Running an effective practice is about being prepared and efficiently utilizing the full 60 minutes of ice time that most teams have allotted for practice. Practices should have age-appropriate drills, get players adequate puck touches, engage players, and create a fun environment. Additionally, players should not be standing around in long lines too much. Most amateur teams are typically allotted only an hour of ice time per practice. In many cases, they are also sharing the ice with another team, so not wasting time and being prepared is paramount.
Below we provide a list of tips we think coaches can incorporate into their planning and on-ice execution for more effective practices.
Planning and preparation - Coaches need to plan their practice in advance and communicate with their assistants about what stations and drills will be run so everyone is in sync and understands the plan. There is nothing worse than a coach scrambling at home, searching YouTube videos and online practice plans an hour before the practice. Proper planning prevents coaches from scrambling and trying to figure things out on the fly while on the ice, which burns up valuable ice time..
Be on time - Both coaches and players need to be on time and ready to go as soon as the Zamboni gets off the ice. There is nothing more distracting to practice than players trickling on the ice 3, 5, and 10 minutes after it has started.
Have a practice objective - What drills and skills (or systems for older players) are going to be worked on in the practice session? Are the skills and drills relevant to what your team needs to work on?
Review the practice plan - In a perfect world, share the practice plan with assistant coaches and the team 24 hours before the practice so you are transparent with your practice goals and get everyone on the same page. A review of the plan with your assistants 10-15 minutes before hitting the ice also is beneficial so everyone knows their assignments and is on the same page.
Name your drills - Naming your drills is a simple concept, but it becomes a valuable time saver over the season. By associating each drill with a name, players remember the drill better. Over time if a coach says OK, we are doing "Overspeed neutral zone dots" as an example, the players will know exactly what the drill is and where to line up. There isn't any wasted time drawing on whiteboards or having long-winded explanations. At the beginning of the year, you may have to take the time to explain the drills a few times; however, as the season progresses, this is a huge time saver.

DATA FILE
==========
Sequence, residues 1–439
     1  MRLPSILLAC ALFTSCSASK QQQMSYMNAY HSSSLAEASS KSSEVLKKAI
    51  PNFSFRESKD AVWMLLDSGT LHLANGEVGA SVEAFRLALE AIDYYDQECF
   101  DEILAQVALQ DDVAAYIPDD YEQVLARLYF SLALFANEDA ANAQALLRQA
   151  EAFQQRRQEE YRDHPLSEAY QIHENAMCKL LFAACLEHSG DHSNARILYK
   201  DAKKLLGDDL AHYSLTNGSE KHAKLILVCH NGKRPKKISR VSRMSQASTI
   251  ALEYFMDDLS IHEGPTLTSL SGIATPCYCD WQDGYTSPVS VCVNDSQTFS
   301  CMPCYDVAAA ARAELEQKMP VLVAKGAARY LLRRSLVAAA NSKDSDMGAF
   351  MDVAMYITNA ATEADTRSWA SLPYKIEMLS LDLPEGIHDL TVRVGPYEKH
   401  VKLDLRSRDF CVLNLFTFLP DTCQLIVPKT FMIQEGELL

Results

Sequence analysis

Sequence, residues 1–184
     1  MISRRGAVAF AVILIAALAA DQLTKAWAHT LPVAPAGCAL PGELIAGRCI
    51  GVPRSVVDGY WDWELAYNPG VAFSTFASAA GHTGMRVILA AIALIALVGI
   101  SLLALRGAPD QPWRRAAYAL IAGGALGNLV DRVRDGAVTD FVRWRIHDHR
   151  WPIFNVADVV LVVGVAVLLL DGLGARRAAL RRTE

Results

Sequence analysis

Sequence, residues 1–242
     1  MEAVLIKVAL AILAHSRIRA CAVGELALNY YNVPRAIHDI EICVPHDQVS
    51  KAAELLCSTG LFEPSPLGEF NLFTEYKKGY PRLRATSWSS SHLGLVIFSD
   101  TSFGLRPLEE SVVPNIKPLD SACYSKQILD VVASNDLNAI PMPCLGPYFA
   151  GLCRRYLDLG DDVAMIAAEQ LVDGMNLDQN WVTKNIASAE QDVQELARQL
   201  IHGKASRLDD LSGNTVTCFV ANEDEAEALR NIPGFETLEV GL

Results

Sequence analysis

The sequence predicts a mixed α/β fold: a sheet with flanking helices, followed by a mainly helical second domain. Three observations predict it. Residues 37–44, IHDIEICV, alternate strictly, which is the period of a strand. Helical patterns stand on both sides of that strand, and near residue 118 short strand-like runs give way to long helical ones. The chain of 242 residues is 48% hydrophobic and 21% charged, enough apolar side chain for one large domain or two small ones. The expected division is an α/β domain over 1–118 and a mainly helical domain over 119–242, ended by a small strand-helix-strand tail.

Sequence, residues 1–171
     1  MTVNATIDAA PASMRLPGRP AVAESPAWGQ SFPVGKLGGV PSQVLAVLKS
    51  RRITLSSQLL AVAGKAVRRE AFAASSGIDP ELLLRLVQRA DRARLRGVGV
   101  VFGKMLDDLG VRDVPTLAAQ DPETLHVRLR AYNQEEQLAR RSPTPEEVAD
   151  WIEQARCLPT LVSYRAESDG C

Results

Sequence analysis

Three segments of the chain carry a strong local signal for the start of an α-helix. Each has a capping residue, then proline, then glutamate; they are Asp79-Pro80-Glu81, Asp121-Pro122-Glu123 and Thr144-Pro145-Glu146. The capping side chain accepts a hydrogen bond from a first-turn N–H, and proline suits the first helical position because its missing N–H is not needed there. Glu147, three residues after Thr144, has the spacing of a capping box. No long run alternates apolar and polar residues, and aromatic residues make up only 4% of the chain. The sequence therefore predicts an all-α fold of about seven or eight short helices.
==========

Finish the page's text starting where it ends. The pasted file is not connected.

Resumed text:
Off-ice stretching and warm-ups - Again, with limited on-ice time, there is no sense in using the on-ice time to warm up or stretch. Have players do this off-ice.
Learn from other coaches - No one has cornered the market on good hockey ideas. Get suggestions from your assistants, and also talk to and observe other coaches to see what drills they find effective.
Use resources on the web - There are plenty of great resources on the web to provide coaches with fresh ideas for practice plans and drills. My favorite that comes to mind is Ice Hockey Systems (IHS). Weiss Tech Hockey Drills and Skills, USA Hockey, and HockeyShare also provide some nice drill and practice planning resources.
Make practices challenging & engaging - There is nothing worse for young players than doing the same exact drills practice after practice after practice. "OK, guys, everyone line up on the goal line for skating and edgework." While repetition and skill development are vital, coaches can teach those same principles in a wide variety of drills to keep things fresh and engaging.
Use stations: Stations keep players active, allowing them to achieve high levels of repetitions but also increasing skill variety as they move from station to station. Additionally, smaller groups at stations allow for less wait time and big lines. Have players spend 5-8 minutes per station before switching ... 3 or 4 stations are optimal. Each station requires a coach to instruct and supervise.
Small area games: Players of all ages love to play and compete. Small-area games are a great way to let players apply their newly acquired skills and concepts and incorporate them into a game setting. The small-area games also help players work on decision-making and increase their "HockeyIQ."
Up the tempo/reduce the lines - Players, especially younger ones, do not have the best attention span. Keep practices up-tempo by reducing the size of the drill lines. Players will get more reps, be more focused, and not get distracted.
Have fun & enjoy the ride - Don't be a stick-in-the-mud kind of coach, be animated, be engaged, have fun, and enjoy being on the ice with the players.
Teach: Players that understand why they are doing a drill and how it may benefit them in a game situation tend to have a higher level of engagement.
Seek Feedback: As a coach, seeking feedback from coaches and players is important. Their feedback can help you tailor practices that fit their skill development needs better.
Be fun but be firm: While it is good to have fun, you also have to be firm with players. If a player is fooling around, distracting others, or not working hard, you need to speak with them. It can be done in a professional way, but distractions to the practice or lack of work ethic need to be addressed.
We hope some of these ideas help improve your practices.
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